Health officials link pre-cut melon to salmonella outbreak in Michigan

Consumers advised to throw away potentially contaminated foods

Health officials have tied pre-cut melon to a salmonella outbreak in the Midwest. (WDIV)
Health officials have tied pre-cut melon to a salmonella outbreak in the Midwest. (WDIV) (Eric Thayer/Getty Images)

DETROIT – Health officials are investigating a multi-state outbreak of salmonella linked to the consumption of pre-cut melons purchased at grocery stores.

Most people who have been infected with salmonella Adelaide bought pre-cut melon at Walmart or Kroger stores in the Midwest, health officials said.

Consumers who bought pre-cut melon from Walmart or Kroger, including fruit salad mixes with melon, should throw it away, officials said.

Walmart and Kroger are cooperating with the investigation and have removed all cut melon associated with the outbreak. The CDC is not recommending people avoid whole melons.

There have been 60 people infected with the outbreak strain reported in five states, including 32 cases in Michigan.

Of the 60 people reported sick, 31 have been hospitalized due to illness associated with the infection. No deaths have been confirmed to date.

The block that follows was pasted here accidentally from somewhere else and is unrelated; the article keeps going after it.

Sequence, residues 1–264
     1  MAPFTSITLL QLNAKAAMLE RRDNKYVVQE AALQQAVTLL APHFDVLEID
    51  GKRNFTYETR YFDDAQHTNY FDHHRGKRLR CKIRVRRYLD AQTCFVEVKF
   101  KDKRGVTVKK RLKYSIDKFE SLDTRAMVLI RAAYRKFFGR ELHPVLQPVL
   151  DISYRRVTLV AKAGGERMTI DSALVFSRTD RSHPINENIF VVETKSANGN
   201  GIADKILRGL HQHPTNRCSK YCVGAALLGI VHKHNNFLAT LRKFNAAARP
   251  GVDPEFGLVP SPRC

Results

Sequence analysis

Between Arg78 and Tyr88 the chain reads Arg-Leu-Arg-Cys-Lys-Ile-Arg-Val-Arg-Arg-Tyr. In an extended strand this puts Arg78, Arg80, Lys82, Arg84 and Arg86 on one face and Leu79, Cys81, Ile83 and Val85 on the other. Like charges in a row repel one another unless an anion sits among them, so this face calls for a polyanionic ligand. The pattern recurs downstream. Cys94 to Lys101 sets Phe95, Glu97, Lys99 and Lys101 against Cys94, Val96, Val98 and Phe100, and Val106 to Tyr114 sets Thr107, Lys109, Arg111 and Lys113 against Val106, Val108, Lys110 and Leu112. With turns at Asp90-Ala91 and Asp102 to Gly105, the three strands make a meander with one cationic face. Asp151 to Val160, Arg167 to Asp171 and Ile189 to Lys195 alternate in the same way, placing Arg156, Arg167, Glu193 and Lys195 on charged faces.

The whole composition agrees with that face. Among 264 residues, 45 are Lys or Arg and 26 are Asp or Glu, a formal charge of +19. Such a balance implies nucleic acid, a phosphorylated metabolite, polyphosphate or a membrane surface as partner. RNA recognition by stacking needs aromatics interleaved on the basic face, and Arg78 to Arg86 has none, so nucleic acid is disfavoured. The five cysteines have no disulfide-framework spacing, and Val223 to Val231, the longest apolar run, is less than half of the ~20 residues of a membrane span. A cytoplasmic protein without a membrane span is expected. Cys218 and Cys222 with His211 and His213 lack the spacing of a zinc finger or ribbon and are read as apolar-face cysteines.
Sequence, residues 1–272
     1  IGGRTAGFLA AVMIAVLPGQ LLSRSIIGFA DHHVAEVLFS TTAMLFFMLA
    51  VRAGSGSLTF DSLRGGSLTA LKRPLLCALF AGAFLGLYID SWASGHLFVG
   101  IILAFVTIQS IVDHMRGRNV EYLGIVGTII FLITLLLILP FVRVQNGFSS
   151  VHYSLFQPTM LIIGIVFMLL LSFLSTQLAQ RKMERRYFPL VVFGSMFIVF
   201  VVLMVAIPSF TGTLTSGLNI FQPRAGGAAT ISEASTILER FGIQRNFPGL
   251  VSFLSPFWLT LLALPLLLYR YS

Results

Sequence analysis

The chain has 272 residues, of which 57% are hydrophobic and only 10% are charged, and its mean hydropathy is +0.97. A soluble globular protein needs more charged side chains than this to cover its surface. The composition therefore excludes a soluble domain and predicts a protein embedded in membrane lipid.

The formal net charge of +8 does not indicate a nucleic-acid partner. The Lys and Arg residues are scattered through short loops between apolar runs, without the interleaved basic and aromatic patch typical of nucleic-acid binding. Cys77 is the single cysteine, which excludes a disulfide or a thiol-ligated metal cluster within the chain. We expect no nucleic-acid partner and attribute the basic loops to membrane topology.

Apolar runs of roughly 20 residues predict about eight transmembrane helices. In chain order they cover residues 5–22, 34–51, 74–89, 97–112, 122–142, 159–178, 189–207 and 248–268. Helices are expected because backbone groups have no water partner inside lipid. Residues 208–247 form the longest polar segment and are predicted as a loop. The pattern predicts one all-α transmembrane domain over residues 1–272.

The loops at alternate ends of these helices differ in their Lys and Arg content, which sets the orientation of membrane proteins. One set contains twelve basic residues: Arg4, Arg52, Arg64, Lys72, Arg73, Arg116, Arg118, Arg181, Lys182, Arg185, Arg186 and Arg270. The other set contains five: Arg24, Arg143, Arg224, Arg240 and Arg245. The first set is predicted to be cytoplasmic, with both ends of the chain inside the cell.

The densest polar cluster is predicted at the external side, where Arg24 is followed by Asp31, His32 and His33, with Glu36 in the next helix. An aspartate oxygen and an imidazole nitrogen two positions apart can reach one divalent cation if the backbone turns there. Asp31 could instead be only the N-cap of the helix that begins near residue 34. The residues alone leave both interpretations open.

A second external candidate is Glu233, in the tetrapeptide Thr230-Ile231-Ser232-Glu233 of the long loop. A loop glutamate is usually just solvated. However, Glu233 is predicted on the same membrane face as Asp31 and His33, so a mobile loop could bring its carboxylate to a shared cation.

Other states that have reported illnesses as part of this outbreak include Illinois (6 cases), Indiana (11 cases), Missouri (10 cases) and Ohio (1 case).

Illnesses were reported from April 30 to May 28, and the people affected range in age from younger than 1 year old to 97 years old.

Most people infected with salmonella develop diarrhea, fever and abdominal cramps around 12 to 72 hours after being exposed to the bacteria, health experts said. The illness usually lasts four to seven days, and most people recover without treatment.

Elderly people, infants and anyone with weak immune systems are more likely to have a severe illness. In rare cases, salmonella infection can cause death when a person is not treated promptly with antibiotics.

Individuals who believe they might have gotten salmonella should contact their health care provider.

The investigation into the outbreak is expanding rapidly. The FDA is working to identify a supplier of pre-cut melon to stores connected to the outbreak.

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